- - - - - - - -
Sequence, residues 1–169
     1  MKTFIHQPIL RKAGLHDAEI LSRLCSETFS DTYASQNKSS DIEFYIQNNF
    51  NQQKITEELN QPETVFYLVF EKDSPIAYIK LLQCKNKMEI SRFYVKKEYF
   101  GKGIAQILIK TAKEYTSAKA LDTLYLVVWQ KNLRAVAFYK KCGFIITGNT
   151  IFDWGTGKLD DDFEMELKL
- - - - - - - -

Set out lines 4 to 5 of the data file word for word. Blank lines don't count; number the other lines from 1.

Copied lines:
   101  GKGIAQILIK TAKEYTSAKA LDTLYLVVWQ KNLRAVAFYK KCGFIITGNT
   151  IFDWGTGKLD DDFEMELKL